Apple yesterday unveiled a handful of new products at an event held in the Steve Jobs Theatre at the new spaceship style HQ in California and I’m pleased to say that the day was not ruined by the leaks over the weekend. Tim Cook opened with a warm tribute to Apple’s founder, then handed over to Angela Ahrendts who gave us an update on the Today at Apple in-store experience in Paris and other locations, but it was clear that the crowd was chomping at the bit for news on the iPhone 8 or even the rumoured iPhone X.
We were then treated to an unveiling of Apple Watch 3, which I always think should have been called iWatch by the way and now available with LTE (4G), a variety of colourful straps (bands) and a very expensive price tag.
Next came Apple TV 4K, a logical progression for Apple and with a video demonstration of the new Spiderman movie, I could sense an air of impatience emanating from the unusually restrained crowd of 1000 Apple devotees. Then came an unbelievably dull demonstration of a social adventure game called Sky, which had me muttering ‘Give us the iPhone 8 already!‘ and I wasn’t disappointed, at least initially anyway.
Finally, Tim Cook opened his magic box and revealed the iPhone 8 and iPhone 8 Plus, but it wasn’t the phone everyone was expecting, with both versions being the same size as their predecessor the iPhone 7, the same old physical home button was still there, with only the Plus version getting the dual rear cameras. Both models are made from glass and steel, get wireless charging with the Qi standard (pronounced Chee, apparently), which seem to be the only major upgrades from the iPhone 7. Frankly, I was mildly disappointed with the new iPhone 8 specifications. They’re hardly revolutionary, yet Apple fans will definitely rush out and spend the $700 to $800 on the new model– of that I have no doubt.
“One more thing…”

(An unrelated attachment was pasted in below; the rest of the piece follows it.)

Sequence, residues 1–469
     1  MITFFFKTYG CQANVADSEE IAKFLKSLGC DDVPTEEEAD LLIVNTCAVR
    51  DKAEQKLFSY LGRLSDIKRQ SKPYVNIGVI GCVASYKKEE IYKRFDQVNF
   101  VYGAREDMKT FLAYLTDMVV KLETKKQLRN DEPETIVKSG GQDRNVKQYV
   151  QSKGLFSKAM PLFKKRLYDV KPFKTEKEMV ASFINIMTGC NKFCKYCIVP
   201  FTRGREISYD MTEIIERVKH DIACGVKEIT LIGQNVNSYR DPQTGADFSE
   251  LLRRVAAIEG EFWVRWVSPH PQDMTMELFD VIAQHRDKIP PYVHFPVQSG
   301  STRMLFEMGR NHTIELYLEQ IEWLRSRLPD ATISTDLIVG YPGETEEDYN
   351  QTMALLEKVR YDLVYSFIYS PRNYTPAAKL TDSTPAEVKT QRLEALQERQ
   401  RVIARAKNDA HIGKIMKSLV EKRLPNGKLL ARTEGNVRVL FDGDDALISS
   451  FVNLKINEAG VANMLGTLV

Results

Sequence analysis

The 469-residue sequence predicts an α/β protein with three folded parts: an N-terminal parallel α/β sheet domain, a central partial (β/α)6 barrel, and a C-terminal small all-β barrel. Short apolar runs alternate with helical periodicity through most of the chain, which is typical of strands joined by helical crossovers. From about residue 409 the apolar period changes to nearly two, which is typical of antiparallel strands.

When Tim Cook uttered those now immortal words, the crowd finally woke up and paid some attention, with some even looking up from their iPads, iPhones and iWatches as if prodded by divine intervention itself. In celebration of the tenth anniversary of the first iPhone, Tim Cook ushered in the most expensive smartphone to date – the iPhone X.
The iPhone X – which I can’t help calling the iPhone Ex, since it sounds more mysterious and exclusive – is everything one would expect from a flagship Apple smartphone. The physical home button has gone, it has a 5.8″ Super AMOLED edge to edge screen – if you can tear your eyes away from that unsightly black notch at the top – 3gb RAM, face recognition and dual 12MP OIS rear cameras. The similarities with the Samsung Galaxy S8 are noticeable and Apple is lauding their new flagship as the future of smartphones, even though their biggest competitor beat them to the mark more than six months ago on many of its features. Again, the body is constructed of glass and steel to facilitate wireless charging, but the big standout feature is Face-ID, which effectively replaces the home button and fingerprint ID.
Apple claims that the Face ID has only a one-in-a-million chance of being spoofed and will even work in the dark to unlock the device. To be honest, I would prefer alternative ways to unlock in addition to Face ID, such as fingerprint and/or pattern and PIN. I mean, what if my face gets terribly disfigured in some industrial accident?
We were also treated to demonstrations of Animojis, to include unicorns, chickens, pandas and even piles of poop which can imitate your facial expressions, enabling you to send these poop Animojis to your friends. An utterly brilliant feat for mankind if you really think about it.
The TrueDepth camera analyzes more than 50 different muscle movements to mirror your expressions in 12 Animoji. Reveal your inner panda, pig, or robot.
I’d rather not… shortly after the animated poops and aliens, we were shown how augmented reality, or AR as it is known, will work on the iPhone X and iPhone 8. If you’re wondering what AR is, it’s technology that uses a phone or tablet’s camera and specific software to put virtual images on top of real-life images, such as in Pokemon Go.
I think most of us can live without Animojis and AR, but I’m damn sure that that these two features alone will probably spawn entirely new app markets for reasons that will surely be of novelty value only, but will generate huge revenue for Apple.
There’s no doubt that the iPhone X is the smartphone that Apple had to produce in order to steal a march on Samsung, their undisputed rival. It’s a beautiful device and in spite of its $1000 price tag, will probably sell by the bucket load, simply because it’s the zenith of Apple mobile technology to date. And, bearing in mind that the prices for the iPhone 8 and iPhone 8 Plus are $649 and $799 for the 64Gb versions respectively (and $849 and $949 for the 256Gb versions respectively), it isn’t that much of a stretch to dig a little deeper for the iPhone X and get yourself the real deal.
Would I buy one? If I had that kind of cash to dispose of without a second thought, I probably would, because it’s a shiny thing and then instantly wish it was running Android 8.0.
If I could steal a tagline from Mr# Stella and Mr Artois here, Apple continues to produce products that are reassuringly expensive.